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  • Curation of Oral Tradition from Legacy Recordings:An Australian Example
  • Nick Thieberger (bio)


Hundreds of hours of ethnographic field recordings and their associated oral tradition were destined to be lost until the Pacific and Regional Archive for Digital Sources in Endangered Cultures (PARADISEC, was established in 2003 to digitize and curate this legacy made by Australian academic researchers since the 1960s (Barwick and Thieberger 2006; Thieberger and Barwick 2012).1 These recordings in the languages of the region around Australia (broadly speaking, an area that includes Indonesia, Papua New Guinea [PNG], and the Pacific Islands) have high cultural value and are often the only records in these languages. Many languages in this region are spoken by few people and are in danger of being lost because of the pressure from neighboring languages or metropolitan languages such as Indonesian, Tok Pisin, English, or French, and so the records made a generation or more ago become all the more valuable. However, despite their unique heritage value, these recordings were not eligible to be preserved or curated by any existing Australian collecting institution.

A group of linguists and musicologists planned PARADISEC and sought advice from relevant agencies (in particular from the National Library of Australia and the National Film and Sound Archive). This advice was particularly valuable in allowing us to determine appropriate metadata standards (we use Dublin Core and Open Archives Initiative metadata terms as a subset of our catalog’s metadata) and to understand the more hands-on requirements of cleaning and repairing moldy or damaged analog tapes. We then applied for and received infrastructure funding from the Australian Research Council. With a grant that was to last for just one year, we had to build a successful archive prototype that could then attract further funds.

Over the decade during which it has been running, PARADISEC has digitized several thousand hours of analog recordings in three ingestion units based at each of the participating universities: the University of Sydney, the University of Melbourne, and the Australian National University. We have also broadened our scope to include any relevant material that needs preservation, regardless of the geographic area it represents or the state of endangerment of the languages involved. In 2011 we initiated an online survey2 to locate further endangered analog collections and to work with their custodians in order to find funds to digitize and curate them before they are lost.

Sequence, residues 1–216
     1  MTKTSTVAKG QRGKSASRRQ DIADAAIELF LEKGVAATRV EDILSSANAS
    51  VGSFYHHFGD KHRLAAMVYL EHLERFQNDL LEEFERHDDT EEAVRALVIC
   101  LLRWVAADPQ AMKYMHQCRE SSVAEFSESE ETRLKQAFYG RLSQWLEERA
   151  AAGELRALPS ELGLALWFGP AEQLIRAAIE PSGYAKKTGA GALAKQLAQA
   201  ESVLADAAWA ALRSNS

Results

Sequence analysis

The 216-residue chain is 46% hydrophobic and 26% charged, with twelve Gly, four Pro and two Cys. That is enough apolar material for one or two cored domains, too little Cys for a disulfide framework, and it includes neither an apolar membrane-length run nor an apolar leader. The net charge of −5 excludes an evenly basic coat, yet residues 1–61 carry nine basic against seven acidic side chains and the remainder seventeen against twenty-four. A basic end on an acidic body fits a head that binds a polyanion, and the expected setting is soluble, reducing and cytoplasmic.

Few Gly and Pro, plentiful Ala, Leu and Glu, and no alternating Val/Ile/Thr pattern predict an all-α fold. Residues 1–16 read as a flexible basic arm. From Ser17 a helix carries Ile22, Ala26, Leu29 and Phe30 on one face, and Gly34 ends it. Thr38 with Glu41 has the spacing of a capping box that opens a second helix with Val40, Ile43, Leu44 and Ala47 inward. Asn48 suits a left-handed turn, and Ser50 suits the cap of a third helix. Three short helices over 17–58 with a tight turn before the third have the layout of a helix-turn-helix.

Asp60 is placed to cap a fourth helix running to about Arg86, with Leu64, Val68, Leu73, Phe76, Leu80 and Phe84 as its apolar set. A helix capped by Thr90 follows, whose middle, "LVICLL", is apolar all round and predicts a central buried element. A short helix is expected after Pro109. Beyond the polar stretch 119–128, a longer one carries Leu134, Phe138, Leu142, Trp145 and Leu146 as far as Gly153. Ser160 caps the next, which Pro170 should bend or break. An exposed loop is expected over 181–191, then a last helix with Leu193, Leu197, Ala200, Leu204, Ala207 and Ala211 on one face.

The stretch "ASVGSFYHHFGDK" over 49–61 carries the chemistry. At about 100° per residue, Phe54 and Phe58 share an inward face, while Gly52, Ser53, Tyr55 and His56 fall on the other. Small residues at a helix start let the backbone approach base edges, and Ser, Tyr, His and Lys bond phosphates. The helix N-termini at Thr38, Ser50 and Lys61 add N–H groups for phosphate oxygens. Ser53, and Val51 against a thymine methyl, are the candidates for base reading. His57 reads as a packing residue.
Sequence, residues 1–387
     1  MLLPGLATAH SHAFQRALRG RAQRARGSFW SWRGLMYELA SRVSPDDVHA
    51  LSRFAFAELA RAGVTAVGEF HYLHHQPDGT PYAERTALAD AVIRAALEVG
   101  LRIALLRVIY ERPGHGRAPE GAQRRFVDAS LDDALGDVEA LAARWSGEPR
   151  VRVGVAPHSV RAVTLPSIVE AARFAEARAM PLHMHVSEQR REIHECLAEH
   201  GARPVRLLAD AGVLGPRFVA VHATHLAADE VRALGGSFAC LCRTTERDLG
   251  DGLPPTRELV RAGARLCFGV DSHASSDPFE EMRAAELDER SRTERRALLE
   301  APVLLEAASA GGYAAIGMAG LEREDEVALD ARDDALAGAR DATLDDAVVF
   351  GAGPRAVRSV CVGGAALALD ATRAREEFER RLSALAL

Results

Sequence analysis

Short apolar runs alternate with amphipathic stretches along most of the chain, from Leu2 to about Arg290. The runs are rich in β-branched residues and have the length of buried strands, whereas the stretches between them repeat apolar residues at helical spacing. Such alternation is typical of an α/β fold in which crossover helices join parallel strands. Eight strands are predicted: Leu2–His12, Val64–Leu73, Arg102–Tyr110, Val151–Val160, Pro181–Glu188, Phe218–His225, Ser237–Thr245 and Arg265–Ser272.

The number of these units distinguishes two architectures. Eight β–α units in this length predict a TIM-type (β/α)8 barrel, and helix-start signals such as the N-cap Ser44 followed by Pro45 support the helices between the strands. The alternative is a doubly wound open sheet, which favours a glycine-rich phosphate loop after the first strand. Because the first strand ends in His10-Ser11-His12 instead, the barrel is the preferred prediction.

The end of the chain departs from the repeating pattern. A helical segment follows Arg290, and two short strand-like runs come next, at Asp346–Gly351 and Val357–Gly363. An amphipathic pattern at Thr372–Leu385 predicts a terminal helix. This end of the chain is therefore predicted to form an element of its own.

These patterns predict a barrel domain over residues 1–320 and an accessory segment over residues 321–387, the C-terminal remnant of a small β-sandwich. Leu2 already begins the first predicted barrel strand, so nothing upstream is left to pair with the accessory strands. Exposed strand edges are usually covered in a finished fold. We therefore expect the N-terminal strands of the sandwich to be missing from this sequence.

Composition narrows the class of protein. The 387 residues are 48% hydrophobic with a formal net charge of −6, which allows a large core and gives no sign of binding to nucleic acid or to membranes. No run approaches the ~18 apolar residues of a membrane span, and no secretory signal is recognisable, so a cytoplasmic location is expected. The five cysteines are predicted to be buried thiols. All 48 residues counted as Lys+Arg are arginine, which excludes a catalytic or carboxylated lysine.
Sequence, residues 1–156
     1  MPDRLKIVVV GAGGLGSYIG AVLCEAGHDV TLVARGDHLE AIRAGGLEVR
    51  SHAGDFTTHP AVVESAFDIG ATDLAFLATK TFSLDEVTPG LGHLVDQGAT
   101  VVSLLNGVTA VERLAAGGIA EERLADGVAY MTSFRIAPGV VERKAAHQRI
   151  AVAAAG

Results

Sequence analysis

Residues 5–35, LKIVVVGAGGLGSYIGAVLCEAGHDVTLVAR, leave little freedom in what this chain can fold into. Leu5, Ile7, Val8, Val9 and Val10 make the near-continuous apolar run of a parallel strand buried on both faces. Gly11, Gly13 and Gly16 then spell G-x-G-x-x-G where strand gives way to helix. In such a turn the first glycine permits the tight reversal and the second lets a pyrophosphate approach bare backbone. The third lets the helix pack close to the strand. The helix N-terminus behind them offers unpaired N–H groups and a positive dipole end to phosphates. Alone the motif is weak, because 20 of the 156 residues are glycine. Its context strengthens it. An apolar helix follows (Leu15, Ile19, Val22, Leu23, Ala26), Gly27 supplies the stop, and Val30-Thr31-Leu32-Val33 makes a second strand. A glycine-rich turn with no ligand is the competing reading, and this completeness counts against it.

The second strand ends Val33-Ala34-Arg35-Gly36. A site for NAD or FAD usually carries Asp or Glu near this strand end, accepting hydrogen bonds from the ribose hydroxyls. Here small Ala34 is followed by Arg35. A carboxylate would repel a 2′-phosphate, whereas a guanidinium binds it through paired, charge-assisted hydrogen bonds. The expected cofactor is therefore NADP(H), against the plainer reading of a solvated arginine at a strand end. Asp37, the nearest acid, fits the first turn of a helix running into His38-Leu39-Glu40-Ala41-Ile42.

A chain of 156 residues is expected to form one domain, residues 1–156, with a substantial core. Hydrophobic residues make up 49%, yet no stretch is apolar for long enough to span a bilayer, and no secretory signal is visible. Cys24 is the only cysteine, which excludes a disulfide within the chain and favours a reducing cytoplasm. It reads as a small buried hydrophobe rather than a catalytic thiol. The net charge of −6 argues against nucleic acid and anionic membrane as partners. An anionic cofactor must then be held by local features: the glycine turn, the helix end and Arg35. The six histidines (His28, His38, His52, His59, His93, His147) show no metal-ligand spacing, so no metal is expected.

What Is in the Collection?

The contents of the various collections range from hundreds of recordings on a particular language made in the course of extensive fieldwork all the way through to isolated, short examples recorded opportunistically in a language. The records themselves range from narratives through to sung, chanted, and spoken performances as well as instrumental music. The collections from the 1960s and 1970s typically represent the work of deceased or retired scholars, so there is usually limited contextual information to include in the catalog. Occasionally there are handwritten transcripts of these recordings that we have included as scanned TIF or PDF files. These legacy collections include: Professor Stephen Wurm’s several hundred tapes, with 120 Solomon Islands tapes and transcripts/fieldnotes from the 1970s (some of which have been used in later research by Åshild Næss [2006]); the ethnographer Roderic Lacey’s collection of 118 tapes from the early 1970s used as the basis for his work on “Oral Traditions as History: An Exploration of Oral Sources among the Enga of the New Guinea Highlands”; James Weiner’s collection of some 100 cassettes in the Foi language of Highlands PNG, the basis for his work on poetics in the language; Arthur Capell’s 114 tapes from the Pacific and PNG from the 1950s (and 30 archive boxes of fieldnotes of which we have placed 14,000 page images online3); Bert Voorhoeve’s 180 tapes from West Papua (mainly in Asmat) from the late 1960s; and Tom Dutton’s 295 PNG tapes from the 1970s. Currently in our accession queue is a collection of recordings made by the anthropologist Ted Schwartz during his fieldwork with Margaret Mead on Manus island in the 1950s.

PARADISEC is making information available in an ethically...

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